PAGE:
A cross-section of the Greenhouse library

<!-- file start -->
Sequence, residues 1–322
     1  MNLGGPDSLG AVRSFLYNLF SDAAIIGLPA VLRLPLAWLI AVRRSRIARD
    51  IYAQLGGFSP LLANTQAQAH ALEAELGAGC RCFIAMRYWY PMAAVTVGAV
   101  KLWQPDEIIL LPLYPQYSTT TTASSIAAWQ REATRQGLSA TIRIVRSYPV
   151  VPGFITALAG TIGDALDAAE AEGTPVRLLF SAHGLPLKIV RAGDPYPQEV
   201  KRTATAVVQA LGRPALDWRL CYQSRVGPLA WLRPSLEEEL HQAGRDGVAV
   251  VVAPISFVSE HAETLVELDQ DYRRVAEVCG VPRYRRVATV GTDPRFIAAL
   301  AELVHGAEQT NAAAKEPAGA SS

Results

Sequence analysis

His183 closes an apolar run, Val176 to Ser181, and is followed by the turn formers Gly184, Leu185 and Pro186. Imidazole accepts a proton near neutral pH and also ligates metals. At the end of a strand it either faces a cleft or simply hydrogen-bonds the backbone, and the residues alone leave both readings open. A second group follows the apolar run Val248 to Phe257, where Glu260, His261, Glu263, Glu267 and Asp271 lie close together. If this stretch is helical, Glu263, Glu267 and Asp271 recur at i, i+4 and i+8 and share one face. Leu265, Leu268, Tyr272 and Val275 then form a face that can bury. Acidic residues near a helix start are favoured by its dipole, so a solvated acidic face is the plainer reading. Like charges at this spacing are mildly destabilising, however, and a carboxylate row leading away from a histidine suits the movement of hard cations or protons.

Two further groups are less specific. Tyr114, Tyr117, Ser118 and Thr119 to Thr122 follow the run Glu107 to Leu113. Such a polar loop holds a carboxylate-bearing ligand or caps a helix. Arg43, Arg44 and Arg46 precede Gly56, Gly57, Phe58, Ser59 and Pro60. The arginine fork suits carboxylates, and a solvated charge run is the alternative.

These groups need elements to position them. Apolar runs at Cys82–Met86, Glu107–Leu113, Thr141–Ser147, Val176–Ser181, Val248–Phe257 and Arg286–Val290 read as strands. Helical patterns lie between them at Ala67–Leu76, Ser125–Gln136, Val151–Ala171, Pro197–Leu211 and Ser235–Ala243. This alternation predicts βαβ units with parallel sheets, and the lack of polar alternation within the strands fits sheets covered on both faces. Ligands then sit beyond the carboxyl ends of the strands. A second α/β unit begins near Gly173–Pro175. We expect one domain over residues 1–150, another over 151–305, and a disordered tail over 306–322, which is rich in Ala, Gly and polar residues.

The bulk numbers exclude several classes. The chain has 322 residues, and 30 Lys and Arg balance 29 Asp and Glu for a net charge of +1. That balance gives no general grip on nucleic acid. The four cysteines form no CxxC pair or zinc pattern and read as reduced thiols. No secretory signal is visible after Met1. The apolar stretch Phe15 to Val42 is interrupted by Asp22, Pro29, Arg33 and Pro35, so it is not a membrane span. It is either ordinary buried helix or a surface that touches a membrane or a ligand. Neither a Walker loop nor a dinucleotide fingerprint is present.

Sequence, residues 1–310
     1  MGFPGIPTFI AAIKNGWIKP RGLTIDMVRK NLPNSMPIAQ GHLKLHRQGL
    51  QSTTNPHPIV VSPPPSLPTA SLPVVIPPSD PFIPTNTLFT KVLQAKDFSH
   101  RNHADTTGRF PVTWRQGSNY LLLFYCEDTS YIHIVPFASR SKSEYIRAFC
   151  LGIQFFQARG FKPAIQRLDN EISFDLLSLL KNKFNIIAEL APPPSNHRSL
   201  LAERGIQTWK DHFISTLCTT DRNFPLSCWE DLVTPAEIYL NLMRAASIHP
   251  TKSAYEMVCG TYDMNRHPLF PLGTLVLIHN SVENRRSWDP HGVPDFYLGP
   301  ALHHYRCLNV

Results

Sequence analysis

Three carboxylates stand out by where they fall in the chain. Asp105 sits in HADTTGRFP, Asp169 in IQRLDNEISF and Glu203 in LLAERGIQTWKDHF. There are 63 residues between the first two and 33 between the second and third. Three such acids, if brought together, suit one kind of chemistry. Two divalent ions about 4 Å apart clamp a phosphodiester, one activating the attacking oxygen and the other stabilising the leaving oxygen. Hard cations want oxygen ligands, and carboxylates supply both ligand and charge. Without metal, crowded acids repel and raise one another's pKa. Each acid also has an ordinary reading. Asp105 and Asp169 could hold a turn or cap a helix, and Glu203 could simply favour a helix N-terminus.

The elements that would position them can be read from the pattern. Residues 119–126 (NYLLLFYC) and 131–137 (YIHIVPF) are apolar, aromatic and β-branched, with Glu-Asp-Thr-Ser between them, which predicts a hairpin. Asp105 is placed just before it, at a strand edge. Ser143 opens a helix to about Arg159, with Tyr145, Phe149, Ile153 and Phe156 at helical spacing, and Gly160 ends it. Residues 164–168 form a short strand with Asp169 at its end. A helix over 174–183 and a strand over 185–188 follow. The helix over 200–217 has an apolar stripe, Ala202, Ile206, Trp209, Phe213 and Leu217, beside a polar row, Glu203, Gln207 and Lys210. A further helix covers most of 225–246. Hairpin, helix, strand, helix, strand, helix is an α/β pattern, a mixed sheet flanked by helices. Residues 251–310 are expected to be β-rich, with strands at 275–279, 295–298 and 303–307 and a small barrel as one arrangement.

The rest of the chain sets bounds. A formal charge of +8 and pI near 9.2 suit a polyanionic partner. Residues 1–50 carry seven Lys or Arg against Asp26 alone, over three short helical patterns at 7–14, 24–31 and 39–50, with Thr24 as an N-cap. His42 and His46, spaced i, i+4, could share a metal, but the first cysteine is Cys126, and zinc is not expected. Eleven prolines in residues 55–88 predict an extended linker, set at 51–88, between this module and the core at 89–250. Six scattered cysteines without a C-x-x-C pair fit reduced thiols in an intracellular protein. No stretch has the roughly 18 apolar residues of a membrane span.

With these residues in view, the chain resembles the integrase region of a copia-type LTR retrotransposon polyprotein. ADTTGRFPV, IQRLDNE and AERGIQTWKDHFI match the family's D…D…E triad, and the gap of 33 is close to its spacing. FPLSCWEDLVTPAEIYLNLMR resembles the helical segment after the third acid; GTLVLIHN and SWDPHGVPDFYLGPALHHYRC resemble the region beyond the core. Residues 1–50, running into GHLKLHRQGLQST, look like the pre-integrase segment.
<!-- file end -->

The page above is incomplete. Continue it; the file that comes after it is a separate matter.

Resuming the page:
The nucleus of that space is the small (but mighty!) library, which collects together an impressive number of resources the centre has built up over the past few years. Although I was familiar with lots of the books already, this was the result of painstaking bibliography-building over the past two years – and here they all were! In one place! More importantly, the library offers free coffee, providing essential caffeine and water-cooler vibes, at times a welcome reprieve from the solitude (but also, oh so peaceful and distraction-free environment) of my very own office – a considerable luxury for a PhD student. Having my own space to think and write meant I got more done in just under four weeks than I would in thrice the time at home, but the regular roster of events also gave me plenty of opportunities to get to know my colleagues: an online book talk every Monday, a research seminar on Wednesday afternoons, the ‘official’ department lunch every Thursday. There was also a loose arrangement that whoever was hungry at 12pm (rarely me, considering the three-course hotel breakfast I forced down each morning – who could resist such a resplendent feast, at no additional cost, in a country where a loaf of bread could set you back £3.50??) would find an assortment of other envirohums colleagues in the department canteen, happily munching their sandwiches.